…Or the Terrorists Win

On the cover of McPaper this morning, the headline screamed …Or the Terrorists Win.  Now I am not 100% sure what exactly the article was about, I only caught the flashy title.  But on seeing this, I only had one thought…

The terrorists have already won.

Let me say that again.  The terrorists have already won.  Plain and simple.  In the blink of an eye, Americans have given up rights and privileges in the name of security, driven themselves almost to bankruptcy in the name of security, and cower under the blankets, all on the off chance they too become victims of terrorism.

This is not the first time I have covered this, but certainly, on the eve of the tenth anniversary of the September 11 attacks, it is a good time to look at what those attacks have wrought.  Contrary to popular thought, September 11, 2001 was not the first act of terrorism on American soil.  Contrary to popular thought, it was not the first act of terrorism in the world.  Only the latest (at the time) and certainly not the last.  But instead of looking to how other countries have coped (or not) with terrorism, the United States, because that is the way they roll, went their own route.  They bombed uninvolved countries, threw money at cities for security and introduced legislation stripping away the rights guaranteed under the Constitution, turning it from the law of the land into little more than a set of guidelines you might want to follow if they are not too inconvenient.

Welcome to 2011.  The foreign press have been doing a number of articles about how the United States has changed and what sort of progress has been made since 2001.  What is funny is that it is the foreign press doing these investigations because it is not something the domestic press would ever do.  To question the progress made is seen as unpatriotic as asking why the government wants us to take off our shoes when we go through security at the airport even though drug smugglers seem to have no issues using airplanes to move their product, even in these high security days.  One of the most amazing facts, besides the almost completely ineffective airport security, is the amount of money thrown at cities and counties and states for the purchase of things that will help deter, defer or prepare for a terrorist attack.  Most of the money has been wasted, for lack of a better term.  Equipment sits unused in warehouses because the people are not trained on how to use it, foodstuff are rotting, forgotten on shelves, rather than rotated properly, and the average population is no more ready for a terrorist attack in 2011 than they were in 2001 as illustrated by something as simple as a heavy rain, the result of the remnants of a hurricane.  If we are not prepared for what Mother Nature throws at us, how can we say we are prepared for a terrorist action?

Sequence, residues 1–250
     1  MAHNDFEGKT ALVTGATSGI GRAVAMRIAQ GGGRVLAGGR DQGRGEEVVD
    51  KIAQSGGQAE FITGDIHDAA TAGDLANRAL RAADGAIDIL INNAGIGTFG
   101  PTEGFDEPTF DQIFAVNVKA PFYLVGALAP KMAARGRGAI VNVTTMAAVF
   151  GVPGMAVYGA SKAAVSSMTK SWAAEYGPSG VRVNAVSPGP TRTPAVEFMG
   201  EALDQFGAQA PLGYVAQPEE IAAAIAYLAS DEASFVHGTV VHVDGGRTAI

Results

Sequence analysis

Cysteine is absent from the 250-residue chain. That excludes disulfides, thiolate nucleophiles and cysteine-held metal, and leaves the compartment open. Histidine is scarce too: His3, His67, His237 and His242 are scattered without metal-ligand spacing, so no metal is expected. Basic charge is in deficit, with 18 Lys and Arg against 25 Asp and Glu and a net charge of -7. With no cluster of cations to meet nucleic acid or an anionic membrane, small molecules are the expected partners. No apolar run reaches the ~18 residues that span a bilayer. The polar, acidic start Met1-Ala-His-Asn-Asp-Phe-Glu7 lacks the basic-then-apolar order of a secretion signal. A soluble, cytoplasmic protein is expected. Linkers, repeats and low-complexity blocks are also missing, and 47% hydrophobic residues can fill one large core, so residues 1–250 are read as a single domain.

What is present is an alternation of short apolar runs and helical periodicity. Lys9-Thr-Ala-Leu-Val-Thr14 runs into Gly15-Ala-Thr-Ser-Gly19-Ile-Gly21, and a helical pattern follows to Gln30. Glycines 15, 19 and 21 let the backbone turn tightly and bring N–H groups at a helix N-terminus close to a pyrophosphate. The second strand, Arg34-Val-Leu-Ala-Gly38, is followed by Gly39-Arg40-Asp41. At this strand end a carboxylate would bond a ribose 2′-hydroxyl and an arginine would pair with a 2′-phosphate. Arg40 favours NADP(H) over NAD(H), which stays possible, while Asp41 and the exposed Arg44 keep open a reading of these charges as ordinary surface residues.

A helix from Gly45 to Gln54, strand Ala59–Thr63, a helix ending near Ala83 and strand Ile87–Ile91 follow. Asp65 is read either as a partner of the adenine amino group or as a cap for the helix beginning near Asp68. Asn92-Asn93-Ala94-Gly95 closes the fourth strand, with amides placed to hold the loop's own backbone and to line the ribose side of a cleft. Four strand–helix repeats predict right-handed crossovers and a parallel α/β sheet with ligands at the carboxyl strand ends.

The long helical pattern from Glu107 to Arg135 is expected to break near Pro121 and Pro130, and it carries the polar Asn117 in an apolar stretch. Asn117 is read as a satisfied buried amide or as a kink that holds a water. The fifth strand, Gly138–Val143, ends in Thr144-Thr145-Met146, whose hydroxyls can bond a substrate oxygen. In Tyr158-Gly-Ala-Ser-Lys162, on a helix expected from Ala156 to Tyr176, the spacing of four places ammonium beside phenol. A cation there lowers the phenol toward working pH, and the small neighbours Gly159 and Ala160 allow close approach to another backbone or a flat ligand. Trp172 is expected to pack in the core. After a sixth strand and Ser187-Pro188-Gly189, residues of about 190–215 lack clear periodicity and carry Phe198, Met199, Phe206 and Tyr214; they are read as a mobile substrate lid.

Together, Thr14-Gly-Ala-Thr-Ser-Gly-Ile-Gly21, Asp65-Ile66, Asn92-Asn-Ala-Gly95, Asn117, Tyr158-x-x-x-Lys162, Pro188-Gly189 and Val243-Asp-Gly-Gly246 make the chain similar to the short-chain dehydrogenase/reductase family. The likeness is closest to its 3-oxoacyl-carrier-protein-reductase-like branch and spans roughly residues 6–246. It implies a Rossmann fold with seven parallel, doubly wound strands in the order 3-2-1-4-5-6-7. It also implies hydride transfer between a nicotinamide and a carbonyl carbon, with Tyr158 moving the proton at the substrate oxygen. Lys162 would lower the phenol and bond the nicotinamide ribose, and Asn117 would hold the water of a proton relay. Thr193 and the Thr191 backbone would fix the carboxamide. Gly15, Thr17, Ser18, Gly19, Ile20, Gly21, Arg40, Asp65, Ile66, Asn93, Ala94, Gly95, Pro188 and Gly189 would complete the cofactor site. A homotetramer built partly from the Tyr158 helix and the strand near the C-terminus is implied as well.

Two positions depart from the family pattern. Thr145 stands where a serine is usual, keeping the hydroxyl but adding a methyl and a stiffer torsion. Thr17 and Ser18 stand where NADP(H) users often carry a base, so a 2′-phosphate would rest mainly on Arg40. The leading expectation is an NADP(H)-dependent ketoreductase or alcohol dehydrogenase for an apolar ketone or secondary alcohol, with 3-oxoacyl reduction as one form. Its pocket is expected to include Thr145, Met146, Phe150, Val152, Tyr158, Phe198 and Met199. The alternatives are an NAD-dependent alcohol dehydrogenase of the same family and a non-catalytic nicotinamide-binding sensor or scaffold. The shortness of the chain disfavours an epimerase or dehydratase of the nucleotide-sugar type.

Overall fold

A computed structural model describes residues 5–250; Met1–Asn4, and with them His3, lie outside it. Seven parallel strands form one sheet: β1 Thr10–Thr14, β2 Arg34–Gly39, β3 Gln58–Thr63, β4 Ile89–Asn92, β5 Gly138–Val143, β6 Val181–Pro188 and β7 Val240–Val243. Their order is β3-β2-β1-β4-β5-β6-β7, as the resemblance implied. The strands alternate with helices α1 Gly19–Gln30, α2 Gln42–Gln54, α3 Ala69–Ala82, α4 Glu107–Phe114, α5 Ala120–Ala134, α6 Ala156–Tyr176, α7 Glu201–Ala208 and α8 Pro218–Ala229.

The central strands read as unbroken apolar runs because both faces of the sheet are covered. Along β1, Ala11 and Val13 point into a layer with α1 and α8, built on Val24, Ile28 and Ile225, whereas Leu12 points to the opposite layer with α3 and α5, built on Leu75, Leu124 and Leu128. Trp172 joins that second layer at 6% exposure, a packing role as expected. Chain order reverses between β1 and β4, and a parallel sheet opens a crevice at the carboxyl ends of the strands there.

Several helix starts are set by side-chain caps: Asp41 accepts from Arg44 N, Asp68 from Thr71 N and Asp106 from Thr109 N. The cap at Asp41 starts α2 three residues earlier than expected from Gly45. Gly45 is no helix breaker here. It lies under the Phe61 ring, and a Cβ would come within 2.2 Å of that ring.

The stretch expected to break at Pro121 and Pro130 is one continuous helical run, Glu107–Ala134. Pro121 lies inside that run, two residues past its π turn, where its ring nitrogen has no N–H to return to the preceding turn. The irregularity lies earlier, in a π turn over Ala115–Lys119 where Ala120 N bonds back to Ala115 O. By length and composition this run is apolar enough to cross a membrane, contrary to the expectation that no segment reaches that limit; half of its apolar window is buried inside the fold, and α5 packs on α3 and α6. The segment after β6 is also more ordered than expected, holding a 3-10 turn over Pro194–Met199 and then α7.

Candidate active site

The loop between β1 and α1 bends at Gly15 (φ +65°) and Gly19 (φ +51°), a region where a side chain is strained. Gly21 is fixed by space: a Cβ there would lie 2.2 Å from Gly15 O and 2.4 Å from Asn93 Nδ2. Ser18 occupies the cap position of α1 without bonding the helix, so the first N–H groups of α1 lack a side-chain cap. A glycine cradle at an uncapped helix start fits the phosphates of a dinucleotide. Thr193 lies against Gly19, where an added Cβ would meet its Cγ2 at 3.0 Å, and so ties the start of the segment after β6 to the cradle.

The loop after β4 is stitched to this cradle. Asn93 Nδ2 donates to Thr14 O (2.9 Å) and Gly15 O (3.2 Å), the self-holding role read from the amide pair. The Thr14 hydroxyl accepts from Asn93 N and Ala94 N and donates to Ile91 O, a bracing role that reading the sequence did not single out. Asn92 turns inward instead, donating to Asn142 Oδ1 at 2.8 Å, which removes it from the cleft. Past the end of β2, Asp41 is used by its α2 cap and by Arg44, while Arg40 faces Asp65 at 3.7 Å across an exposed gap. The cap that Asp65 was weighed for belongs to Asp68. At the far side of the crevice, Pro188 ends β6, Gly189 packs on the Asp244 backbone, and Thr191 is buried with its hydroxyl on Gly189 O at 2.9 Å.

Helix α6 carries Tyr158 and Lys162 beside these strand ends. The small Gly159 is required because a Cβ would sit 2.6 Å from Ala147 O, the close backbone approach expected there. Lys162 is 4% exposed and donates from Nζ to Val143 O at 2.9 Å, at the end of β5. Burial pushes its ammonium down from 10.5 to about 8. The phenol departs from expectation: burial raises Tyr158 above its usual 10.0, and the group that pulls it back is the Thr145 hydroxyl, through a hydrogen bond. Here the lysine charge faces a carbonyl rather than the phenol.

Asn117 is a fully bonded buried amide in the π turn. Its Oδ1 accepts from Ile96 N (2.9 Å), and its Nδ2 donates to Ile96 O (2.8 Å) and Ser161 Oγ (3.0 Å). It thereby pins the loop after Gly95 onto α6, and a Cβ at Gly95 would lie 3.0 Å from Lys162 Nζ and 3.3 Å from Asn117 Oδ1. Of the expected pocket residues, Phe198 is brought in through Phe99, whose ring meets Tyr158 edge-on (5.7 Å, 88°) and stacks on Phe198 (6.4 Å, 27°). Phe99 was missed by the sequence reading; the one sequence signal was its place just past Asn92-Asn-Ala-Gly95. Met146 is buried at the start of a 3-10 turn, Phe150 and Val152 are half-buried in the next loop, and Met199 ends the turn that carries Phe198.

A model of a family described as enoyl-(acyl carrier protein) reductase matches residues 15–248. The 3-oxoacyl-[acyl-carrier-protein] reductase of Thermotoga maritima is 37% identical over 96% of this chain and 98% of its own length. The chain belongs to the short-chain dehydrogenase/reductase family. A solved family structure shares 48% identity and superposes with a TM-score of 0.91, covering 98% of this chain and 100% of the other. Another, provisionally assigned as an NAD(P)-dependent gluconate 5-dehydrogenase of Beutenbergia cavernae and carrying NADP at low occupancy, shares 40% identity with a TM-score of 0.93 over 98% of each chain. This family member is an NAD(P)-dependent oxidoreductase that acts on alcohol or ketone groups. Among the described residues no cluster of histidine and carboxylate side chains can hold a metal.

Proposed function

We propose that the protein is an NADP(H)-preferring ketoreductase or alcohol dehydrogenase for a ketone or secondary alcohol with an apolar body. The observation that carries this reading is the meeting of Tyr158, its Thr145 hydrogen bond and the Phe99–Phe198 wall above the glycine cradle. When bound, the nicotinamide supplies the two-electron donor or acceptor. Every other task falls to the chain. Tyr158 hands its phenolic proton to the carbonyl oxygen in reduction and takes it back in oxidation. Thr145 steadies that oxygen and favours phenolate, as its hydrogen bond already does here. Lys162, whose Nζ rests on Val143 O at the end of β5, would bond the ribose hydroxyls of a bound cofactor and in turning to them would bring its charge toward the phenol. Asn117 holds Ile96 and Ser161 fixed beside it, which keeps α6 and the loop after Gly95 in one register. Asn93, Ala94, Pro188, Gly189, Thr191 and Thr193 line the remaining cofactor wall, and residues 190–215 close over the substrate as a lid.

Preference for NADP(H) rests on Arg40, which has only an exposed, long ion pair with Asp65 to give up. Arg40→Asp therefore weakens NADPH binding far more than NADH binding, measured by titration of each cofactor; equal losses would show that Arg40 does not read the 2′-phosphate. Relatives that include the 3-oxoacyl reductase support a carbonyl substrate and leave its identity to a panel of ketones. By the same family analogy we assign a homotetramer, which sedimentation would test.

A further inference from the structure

And then there are the deaths.  Sure, it makes news when a large number of people die.  Just look at the news that is made when there is a car crash.  Oh, wait.  That is not news.  And that is the point.  More people die in traffic accidents in the United States every month than have died in terrorist actions in the world over the last generation.  Heck, more people die of heart disease and smoking in a year than have died in all the terrorist actions ever.  And yet we are more worried about preventing a terrorist action than we are about wrapping our cars around a telephone pole, smoking, or gun related deaths.  One wonders just how skewed the priorities are.

The United States has spent billions of dollars fighting terrorism, including the wars in Afghanistan and Iraq.  Meanwhile the infrastructure is crumbling, the Government is on the verge of bankruptcy, and the population is getting older, which will further strain already stressed services.  You cannot kill an …ism.  You cannot defeat terrorism.  You can only be vigilant.  But vigilance must be balanced by rational risk assessments.  Hopefully, as we cross the 10 year mark, some rational risk assessment will be imposed, but I am not hopeful…not by a long shot.

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